On CBS’s Meet the Press in July 2003, Dean told Tim Russert that the United States must increase its pressure on Saudi Arabia and Iran. “We have to be very, very careful of Iran” because President Bush “is too beholden to the Saudis and the Iranians,” he explained. But later in the broadcast, he conceded, “I support the president’s War on Terrorism.” Dean even went so far as to tell Russert: “I believe that we need a very substantial increase in troops. They don’t all have to be American troops. My guess would be that we would need at least 30,000 and 40,000 additional troops.” Sounds like John Kerry at the height of campaign 2004.
In a New York primary debate two months later, Dean elaborated: “We need more troops. They’re going to be foreign troops [in Iraq], not more American troops, as they should have been in the first place. Ours need to come home.” Dean, it seems, would have the disorder in Iraq go on at all costs, though he wasn’t quite sure whose soldiers should do the occupying.
When Dennis Kucinich grilled Dean during that same debate about Bush’s $87 billion Iraq package, Dean claimed that he would support it since “we have no choice … we have to support our troops.” So do we support our troops by bringing them home, or by financing the occupation? The self-proclaimed anti-war candidate never clarified.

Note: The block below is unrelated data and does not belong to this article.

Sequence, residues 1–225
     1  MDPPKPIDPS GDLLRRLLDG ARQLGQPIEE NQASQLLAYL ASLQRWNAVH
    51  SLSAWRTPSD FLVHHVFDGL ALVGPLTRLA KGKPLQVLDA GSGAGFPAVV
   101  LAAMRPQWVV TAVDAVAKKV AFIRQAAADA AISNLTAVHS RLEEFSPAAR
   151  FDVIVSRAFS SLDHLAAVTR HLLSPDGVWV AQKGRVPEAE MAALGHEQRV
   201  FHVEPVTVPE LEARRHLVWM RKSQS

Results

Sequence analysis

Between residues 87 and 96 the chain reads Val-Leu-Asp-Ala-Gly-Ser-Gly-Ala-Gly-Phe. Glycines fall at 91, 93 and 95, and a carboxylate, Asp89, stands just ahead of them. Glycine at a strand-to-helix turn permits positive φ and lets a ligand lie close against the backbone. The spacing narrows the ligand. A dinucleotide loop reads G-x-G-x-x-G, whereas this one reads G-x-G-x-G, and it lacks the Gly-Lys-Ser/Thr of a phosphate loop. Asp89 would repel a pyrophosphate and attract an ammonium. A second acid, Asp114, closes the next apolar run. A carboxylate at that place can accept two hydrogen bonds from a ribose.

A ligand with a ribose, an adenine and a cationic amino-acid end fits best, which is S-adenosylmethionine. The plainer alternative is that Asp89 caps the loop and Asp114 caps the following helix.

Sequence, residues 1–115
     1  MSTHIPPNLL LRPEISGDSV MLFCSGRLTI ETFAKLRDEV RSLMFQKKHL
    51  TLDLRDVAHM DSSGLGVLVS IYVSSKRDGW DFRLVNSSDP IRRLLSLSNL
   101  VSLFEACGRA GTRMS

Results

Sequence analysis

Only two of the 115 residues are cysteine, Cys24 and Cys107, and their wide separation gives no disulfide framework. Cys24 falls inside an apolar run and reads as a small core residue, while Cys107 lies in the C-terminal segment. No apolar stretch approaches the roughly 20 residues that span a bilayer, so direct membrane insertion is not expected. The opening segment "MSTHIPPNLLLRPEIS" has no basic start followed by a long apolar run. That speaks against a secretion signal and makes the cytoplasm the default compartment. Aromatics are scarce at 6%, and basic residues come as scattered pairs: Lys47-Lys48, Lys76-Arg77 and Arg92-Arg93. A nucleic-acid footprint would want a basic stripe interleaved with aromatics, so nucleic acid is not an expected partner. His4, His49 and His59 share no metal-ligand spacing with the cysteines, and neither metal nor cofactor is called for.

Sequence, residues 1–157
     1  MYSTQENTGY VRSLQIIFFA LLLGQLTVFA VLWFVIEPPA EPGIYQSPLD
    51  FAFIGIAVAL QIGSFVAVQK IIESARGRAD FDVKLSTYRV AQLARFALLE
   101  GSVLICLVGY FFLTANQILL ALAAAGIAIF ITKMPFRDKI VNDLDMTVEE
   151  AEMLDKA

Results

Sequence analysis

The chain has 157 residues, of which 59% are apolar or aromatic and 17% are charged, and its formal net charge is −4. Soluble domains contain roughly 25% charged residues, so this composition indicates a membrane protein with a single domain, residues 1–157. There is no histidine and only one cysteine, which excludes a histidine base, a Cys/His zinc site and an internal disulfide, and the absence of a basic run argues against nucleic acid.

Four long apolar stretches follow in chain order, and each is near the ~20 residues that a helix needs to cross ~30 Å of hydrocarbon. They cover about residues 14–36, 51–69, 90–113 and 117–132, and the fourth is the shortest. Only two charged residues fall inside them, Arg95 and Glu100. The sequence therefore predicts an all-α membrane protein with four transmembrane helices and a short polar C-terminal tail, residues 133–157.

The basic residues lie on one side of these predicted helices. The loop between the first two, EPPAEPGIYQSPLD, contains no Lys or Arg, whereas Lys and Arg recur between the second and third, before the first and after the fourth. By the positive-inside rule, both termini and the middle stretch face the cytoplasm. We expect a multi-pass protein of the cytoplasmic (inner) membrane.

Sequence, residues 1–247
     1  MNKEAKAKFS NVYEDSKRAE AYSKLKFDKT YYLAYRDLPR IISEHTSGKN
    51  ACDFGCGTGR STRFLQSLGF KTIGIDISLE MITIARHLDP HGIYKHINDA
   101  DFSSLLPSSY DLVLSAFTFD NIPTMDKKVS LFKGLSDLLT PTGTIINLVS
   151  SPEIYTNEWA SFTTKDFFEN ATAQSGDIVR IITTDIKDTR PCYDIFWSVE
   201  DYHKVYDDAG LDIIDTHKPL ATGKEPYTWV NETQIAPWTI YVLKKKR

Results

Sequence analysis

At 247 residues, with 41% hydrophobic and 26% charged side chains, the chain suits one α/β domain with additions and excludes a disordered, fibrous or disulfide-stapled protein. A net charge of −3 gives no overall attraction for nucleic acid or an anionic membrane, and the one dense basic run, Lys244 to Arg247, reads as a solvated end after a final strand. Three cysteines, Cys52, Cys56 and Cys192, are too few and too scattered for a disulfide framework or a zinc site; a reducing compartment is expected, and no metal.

Prior to the invasion of Iraq, Dean deemed the Afghanistan war vital to ending terrorism. The governor also failed to critique the misguided foreign policy paradigms of the U.S. leading up to and following the September 11 attacks. He believed that in order to fight terror, America must use an “iron fist” approach. Aggression, according to Dean, was the only way to challenge the cycle of terror plaguing our vulnerable capitalist world.
More fervent observers of Bush’s foreign policy will notice that Dean’s hollow position on the war on terrorism did not differ drastically from Bush’s. In fact, with the exception of the rhetoric used by their proponents, the two strategies seem to be virtually identical.
Pre-Emption and Meager Opposition
On April 9, 2003, Dean all but endorsed Bush’s pre-emptive doctrine. Though Dean didn’t join in the hawks’ celebration of Bush’s “liberation of Iraq” that day, he stressed the necessity of pressuring Iran and North Korea, saying he would not rule out the use of military force to do so.
By conceding that effective containment of such rogue states may necessitate the use of force, Dean endorsed a pre-emptive dogma that has had catastrophic consequences. It goes without saying that by embracing the doctrine, Dean’s foreign policy vision would not have reversed this trend.